Farther, ought it not to be observed, that though the will always chuses what the understanding suggests is agreeable, yet not always what appears to it to be right. The will in ten thousand instances violates the dictates of conscience, which are the dictates of the understanding concerning what is right and wrong. The will of man by nature does not consult the understanding concerning what is right and fit, but merely to find out what will afford gratification. And surely it must argue the depraved state of both these powers to be thus employed; the will to consult the understanding with such a sordid end; and the understanding to degrade itself so low, as, like the prodigal, to be employed in feeding swine, or in other words, ip merely finding out objects for sensual and intellectual lusts,

imke “What reason is there for supposing the will only to be corrupted ? Surely the whole man is depraved, as it were, from the crown of the bead to the sole of the foot. When we say to people who want to excuse themselves, Your juability lies in your will;' we do not mean, I suppose, that it is in the will in distinction from the understanding and the affections; but in distinction from a natural inability, consisting in a want of power or opportunity. In all such language, the will is used in a large sense, perhaps, for the whole soul, as being a leading faculty. Suppose a man comes and intreats my pity, on account of a misfortune which befel him, through being in evil company. I retort in a tone of rebuke, “You chuse such company; that is your wickedness, and the cause of all your misery.' In this case, it is easy to see, I do not blame him merely for the first act of choice, in distinction from his judging no better of the matter, and actually going amongst thein, and taking delight therein. No, for each of these he was culpable; yea, though the latter acts are supposed necessarily to follow upon the former,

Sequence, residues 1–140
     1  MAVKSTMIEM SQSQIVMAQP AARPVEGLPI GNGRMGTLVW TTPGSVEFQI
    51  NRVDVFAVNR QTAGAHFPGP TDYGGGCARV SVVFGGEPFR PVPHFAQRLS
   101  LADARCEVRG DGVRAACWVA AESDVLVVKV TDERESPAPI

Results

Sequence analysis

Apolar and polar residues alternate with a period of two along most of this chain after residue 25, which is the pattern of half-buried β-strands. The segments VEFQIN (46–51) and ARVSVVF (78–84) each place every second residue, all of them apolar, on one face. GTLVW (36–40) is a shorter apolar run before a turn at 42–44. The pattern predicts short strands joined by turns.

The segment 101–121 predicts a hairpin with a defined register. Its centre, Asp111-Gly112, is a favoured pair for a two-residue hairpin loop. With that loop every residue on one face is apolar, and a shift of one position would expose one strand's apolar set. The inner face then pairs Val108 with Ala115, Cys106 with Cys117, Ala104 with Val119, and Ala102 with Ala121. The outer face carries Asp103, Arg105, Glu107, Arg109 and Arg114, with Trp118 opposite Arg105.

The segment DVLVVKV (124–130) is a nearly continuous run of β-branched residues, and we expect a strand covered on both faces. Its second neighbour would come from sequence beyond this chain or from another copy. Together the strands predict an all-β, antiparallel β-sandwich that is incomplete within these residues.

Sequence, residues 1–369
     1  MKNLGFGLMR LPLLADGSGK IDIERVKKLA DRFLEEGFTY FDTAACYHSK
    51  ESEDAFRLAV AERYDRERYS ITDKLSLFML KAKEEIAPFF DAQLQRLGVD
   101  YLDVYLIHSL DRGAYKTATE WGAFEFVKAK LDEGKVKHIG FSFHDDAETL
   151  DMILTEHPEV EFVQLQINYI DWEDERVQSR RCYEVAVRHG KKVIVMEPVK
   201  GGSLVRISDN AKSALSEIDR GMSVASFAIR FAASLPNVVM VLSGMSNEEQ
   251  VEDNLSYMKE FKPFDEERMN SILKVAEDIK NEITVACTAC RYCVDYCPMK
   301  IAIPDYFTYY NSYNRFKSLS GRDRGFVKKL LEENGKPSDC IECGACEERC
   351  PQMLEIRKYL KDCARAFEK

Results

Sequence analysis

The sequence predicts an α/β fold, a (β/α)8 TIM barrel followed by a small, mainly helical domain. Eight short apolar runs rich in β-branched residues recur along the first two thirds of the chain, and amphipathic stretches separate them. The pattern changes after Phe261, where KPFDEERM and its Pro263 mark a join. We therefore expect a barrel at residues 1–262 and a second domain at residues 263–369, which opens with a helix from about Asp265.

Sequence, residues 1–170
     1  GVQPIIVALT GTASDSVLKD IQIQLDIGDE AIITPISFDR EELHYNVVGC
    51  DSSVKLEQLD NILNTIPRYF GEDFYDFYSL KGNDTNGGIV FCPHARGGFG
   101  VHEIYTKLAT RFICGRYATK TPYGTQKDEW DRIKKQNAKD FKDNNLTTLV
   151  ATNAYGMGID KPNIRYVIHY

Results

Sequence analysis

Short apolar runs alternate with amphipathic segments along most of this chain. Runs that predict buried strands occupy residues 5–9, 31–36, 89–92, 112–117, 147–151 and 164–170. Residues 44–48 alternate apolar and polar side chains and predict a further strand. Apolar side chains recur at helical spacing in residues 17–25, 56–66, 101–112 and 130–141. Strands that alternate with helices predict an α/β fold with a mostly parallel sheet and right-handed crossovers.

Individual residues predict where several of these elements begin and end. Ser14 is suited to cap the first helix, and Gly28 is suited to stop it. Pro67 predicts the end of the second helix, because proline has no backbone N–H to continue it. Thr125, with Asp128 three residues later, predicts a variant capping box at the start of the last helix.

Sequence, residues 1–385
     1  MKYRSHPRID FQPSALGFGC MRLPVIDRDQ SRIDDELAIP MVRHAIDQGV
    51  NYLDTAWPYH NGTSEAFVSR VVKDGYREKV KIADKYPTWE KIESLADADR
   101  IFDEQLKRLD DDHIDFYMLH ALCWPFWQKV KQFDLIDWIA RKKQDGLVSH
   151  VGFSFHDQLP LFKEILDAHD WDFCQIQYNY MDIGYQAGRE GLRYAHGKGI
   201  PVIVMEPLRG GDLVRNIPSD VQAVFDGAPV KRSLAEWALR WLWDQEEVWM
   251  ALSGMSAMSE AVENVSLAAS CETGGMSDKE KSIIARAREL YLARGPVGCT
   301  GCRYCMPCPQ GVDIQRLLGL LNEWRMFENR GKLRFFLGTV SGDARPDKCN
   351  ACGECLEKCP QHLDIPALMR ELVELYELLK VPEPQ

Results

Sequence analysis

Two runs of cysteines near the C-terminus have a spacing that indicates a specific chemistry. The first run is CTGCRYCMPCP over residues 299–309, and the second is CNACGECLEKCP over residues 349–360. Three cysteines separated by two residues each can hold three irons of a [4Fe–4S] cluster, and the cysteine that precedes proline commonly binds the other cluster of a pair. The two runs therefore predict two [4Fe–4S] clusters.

“I think it is certain, as you observe, that the will and the understanding mutually influence each other. It is allowed, I suppose, on all bands, that we are possessed of a world of criminal prejudices. But prejudice, if I understand it, is preponderation of the will, wishing to see things in such a light, or not to see them in such a light. As to Mr. C.'s reply to this: that, 'suppose the will does influence the understanding in various of it's acts, yet how comes the will to be so inclined to influence the understanding ? If the will always follows the last dictate of the understanding, then that act of the will which biases the understanding is governed by the last dictate of a prior act of